Shar­ing a great re­spon­si­bil­ity China, US are obliged to deepen co­op­er­a­tion and in­ten­sify ex­changes to build a new model of ma­jor- coun­try re­la­tions

China Daily (Hong Kong) - - COMMENT - SHEN DINGLI The au­thor is a pro­fes­sor at and as­so­ci­ate dean of the In­sti­tute of In­ter­na­tional Stud­ies in Shang­hai’s Fu­dan Univer­sity.

Pres­i­dent Xi Jin­ping and US Vice-Pres­i­dent Joe Bi­den have agreed that China and the United States should strengthen di­a­logue and co­op­er­a­tion to build a new model of ma­jor-coun­try re­la­tions. Dur­ing Bi­den’s just con­cluded two-day visit to China, the two lead­ers also ex­changed in-depth views on a range of in­ter­na­tional and re­gional is­sues of com­mon con­cern.

Sino-US re­la­tions are mov­ing in di­rec­tion out­lined by Pres­i­dent Xi and US Pres­i­dent Barack Obama dur­ing their sum­mit at Sun­ny­lands, Cal­i­for­nia, ear­lier this year. With agree­ments on sev­eral fronts, a round of Strate­gic and Eco­nomic Di­a­logue and a se­ries of bi­lat­eral cul­tural ex­changes, Sino-US re­la­tions have made re­mark­able progress. New Sino-US work­ing groups on cli­mate change and cy­ber­se­cu­rity have be­come op­er­a­tional, and the two sides have launched a new co­op­er­a­tion mech­a­nism in mil­i­tary mat­ters, which for long has been a sen­si­tive is­sue in Sino-US ties.

De­spite the ex­is­tence of nu­mer­ous dis­agree­ments and dis­putes, China and the US have de­clared that they would not en­gage in di­rect con­fronta­tions or con­flicts with each other. Such shared as­pi­ra­tions have laid a solid foun­da­tion for the two sides to en­hance mu­tual trust and main­tain sta­bil­ity in the Asi­aPa­cific re­gion in the era of China’s peace­ful rise.

The meet­ing that the two coun­tries’ pres­i­dents held soon af­ter they took of­fice (Obama for the sec­ond term) cre­ated con­di­tions for strength­en­ing in­ter­per­sonal trust. Dur­ing their Sun­ny­lands sum­mit in June, Xi and Obama dis­cussed a se­ries of bi­lat­eral, re­gional and global is­sues of com­mon con­cern in an ami­able man­ner.

The high-level bond that de­vel­oped at the sum­mit has helped build closer links be­tween the two coun­tries, and prompted them to pay greater at­ten­tion to each other’s do­mes­tic de­vel­op­ment. For ex­am­ple, the US has fol­lowed with keen in­ter­est China’s re­form and de­vel­op­ment pro­gram mapped out by the Third Ple­nary Ses­sion of the Com­mu­nist Party of China’s 18th Cen­tral Com­mit­tee in Novem­ber.

As US vice-pres­i­dent, Bi­den has played a key role in the mak­ing of US poli­cies to­ward China since Obama’s first term as US pres­i­dent. Of the view that China’s de­vel­op­ment will ben­e­fit Sino-US re­la­tions, Bi­den has made great ef­forts for the de­vel­op­ment of bi­lat­eral ties, draw­ing praise from many quar­ters. Bi­den has helped the US pres­i­dent ex­change vis­its with his Chi­nese coun­ter­part. The ex­change of high­level vis­its has helped deepen mu­tual trust be­tween the top lead­ers of the two coun­tries. Also, Bi­den has vig­or­ously pushed for the ex­change of vis­its be­tween the two coun­tries’ vice-pres­i­dents.

At the talks dur­ing Bi­den’s lat­est visit to China, the two sides also ex­changed views on China’s newly de­mar­cated Air De­fense Iden­ti­fi­ca­tion Zone over the East China Sea, hold­ing timely high-level com­mu­ni­ca­tion be­tween the two coun­tries. The ADIZ is an im­por­tant step for China to­ward safe­guard­ing its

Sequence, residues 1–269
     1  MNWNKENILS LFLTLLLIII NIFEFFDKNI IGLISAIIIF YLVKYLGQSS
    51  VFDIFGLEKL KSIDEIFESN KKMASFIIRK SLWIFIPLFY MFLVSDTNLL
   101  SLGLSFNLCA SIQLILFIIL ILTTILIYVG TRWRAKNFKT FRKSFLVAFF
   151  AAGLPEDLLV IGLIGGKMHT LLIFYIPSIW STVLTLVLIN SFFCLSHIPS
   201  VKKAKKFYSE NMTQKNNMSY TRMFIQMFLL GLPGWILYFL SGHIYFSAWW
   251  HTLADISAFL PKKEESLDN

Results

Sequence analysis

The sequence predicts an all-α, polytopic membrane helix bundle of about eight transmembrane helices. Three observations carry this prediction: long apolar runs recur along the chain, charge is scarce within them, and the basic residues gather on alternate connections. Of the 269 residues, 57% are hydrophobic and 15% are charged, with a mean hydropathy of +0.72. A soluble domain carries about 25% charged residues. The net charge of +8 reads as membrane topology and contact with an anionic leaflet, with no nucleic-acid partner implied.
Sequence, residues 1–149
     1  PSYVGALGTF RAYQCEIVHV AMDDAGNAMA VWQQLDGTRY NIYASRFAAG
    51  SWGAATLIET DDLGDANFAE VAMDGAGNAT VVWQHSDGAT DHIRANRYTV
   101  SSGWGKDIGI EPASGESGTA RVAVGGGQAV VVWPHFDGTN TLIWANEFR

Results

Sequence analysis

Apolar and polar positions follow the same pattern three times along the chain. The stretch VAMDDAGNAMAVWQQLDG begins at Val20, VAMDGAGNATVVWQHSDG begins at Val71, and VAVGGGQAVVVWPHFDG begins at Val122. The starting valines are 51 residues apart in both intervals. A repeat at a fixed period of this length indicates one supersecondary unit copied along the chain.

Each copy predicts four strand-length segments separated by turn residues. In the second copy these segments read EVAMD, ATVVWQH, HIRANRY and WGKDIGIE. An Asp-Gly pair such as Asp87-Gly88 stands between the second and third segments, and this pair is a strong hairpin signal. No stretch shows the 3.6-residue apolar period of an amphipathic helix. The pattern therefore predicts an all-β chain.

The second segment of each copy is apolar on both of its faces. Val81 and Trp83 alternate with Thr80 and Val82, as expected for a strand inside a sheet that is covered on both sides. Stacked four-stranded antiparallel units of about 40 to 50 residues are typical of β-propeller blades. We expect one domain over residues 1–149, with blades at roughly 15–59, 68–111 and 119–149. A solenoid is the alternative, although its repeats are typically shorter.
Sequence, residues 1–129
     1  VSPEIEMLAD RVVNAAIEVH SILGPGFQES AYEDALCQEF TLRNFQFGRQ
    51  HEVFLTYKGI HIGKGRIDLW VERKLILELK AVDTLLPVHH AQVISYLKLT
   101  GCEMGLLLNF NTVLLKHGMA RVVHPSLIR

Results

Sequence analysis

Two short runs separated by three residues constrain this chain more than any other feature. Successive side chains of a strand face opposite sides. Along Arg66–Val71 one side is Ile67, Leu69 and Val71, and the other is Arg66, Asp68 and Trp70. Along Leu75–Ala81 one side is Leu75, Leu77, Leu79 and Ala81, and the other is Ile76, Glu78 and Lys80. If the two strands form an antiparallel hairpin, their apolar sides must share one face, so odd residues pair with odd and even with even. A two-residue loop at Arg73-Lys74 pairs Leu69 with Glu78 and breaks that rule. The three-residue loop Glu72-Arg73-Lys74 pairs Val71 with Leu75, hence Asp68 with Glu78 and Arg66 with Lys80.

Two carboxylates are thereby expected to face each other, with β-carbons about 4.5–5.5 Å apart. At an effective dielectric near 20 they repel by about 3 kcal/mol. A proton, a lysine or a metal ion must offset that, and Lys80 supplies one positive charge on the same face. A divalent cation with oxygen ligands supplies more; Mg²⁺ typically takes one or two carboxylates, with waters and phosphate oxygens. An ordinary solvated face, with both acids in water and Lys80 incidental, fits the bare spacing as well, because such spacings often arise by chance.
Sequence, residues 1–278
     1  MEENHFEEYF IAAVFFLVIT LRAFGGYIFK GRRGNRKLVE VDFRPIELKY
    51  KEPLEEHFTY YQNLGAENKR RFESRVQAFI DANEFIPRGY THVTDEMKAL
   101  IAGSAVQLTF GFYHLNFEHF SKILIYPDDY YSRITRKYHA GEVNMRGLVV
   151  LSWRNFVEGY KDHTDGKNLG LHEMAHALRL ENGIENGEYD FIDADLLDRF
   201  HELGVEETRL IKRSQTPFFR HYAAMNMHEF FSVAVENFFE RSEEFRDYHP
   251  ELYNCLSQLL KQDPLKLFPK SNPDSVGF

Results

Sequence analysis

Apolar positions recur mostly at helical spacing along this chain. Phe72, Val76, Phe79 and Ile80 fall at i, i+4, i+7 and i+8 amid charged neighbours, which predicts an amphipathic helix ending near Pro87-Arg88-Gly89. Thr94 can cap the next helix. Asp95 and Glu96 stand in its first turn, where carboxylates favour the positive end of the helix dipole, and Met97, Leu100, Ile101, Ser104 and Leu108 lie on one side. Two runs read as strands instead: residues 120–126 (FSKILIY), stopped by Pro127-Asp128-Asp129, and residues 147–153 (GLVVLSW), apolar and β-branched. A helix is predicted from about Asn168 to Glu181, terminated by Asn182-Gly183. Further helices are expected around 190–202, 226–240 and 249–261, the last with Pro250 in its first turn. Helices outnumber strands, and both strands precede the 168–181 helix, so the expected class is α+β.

As re­spon­si­ble pow­ers, China and the US need to deepen co­op­er­a­tion in their pur­suit of re­gional and global sta­bil­ity. They share the re­spon­si­bil­ity of deep­en­ing co­op­er­a­tion.

na­tional se­cu­rity and sovereignty in the East China Sea, es­pe­cially in the changed re­gional and in­ter­na­tional sit­u­a­tions.

In the last cen­tury, China’s sovereignty was com­pro­mised be­cause of in­va­sions into and oc­cu­pa­tion of its ter­ri­to­ries by some im­pe­ri­al­ist pow­ers. De­spite Tai­wan’s re­turn to the moth­er­land af­ter the end of World War II, China has not been able to re­al­ize the re­union across the Straits ow­ing to con­tin­u­ous US med­dling in its in­ter­nal af­fairs. To the detri­ment of China’s sovereignty, the US even trans­ferred the ad­min­is­tra­tion over the Diaoyu Is­lands, an in­te­gral part of China’s ter­ri­tory, to Ja­pan. The es­tab­lish­ment of an ADIZ by Ja­pan cov­er­ing the Diaoyu Is­lands 44 years ago and the “na­tion­al­iza­tion” of some of the is­lands by Tokyo last year are fur­ther in­fringe­ments upon China’s sovereignty, which have wors­ened the se­cu­rity con­di­tions in the East China Sea.

Against this back­drop, the es­tab­lish­ment of an ADIZ by China is a le­git­i­mate mea­sure to main­tain its air and mar­itime se­cu­rity. In no way does it sug­gest that China in­tends to ex­pand its ter­ri­to­rial air space. The stip­u­la­tion that for­eign air­craft en­ter­ing the ADIZ must no­tify China of their flight plans does not ham­per their free­dom of flight through the zone in ac­cor­dance with in­ter­na­tional laws.

China has been pur­su­ing its de­vel­op­ment in ac­cor­dance with the ex­tant frame­work of in­ter­na­tional laws. Be­sides, its fast-paced de­vel­op­ment is the re­sult of long-term and mu­tu­ally ben­e­fi­cial co­op­er­a­tion with the US. The ADIZ, too, is a US in­ven­tion; China is only fol­low­ing in­ter­na­tional prac­tices to safe­guard its sovereignty. It is more than clear to­day that China and the US will ben­e­fit from co­op­er­a­tion and suf­fer from con­fronta­tion.

As re­spon­si­ble pow­ers, China and the US need to deepen co­op­er­a­tion in their pur­suit of re­gional and global sta­bil­ity. They share the re­spon­si­bil­ity of deep­en­ing co­op­er­a­tion and in­ten­si­fy­ing ex­changes in an era of trans­form­ing global pat­terns in or­der to build a new type of ma­jor-power re­la­tion­ship.

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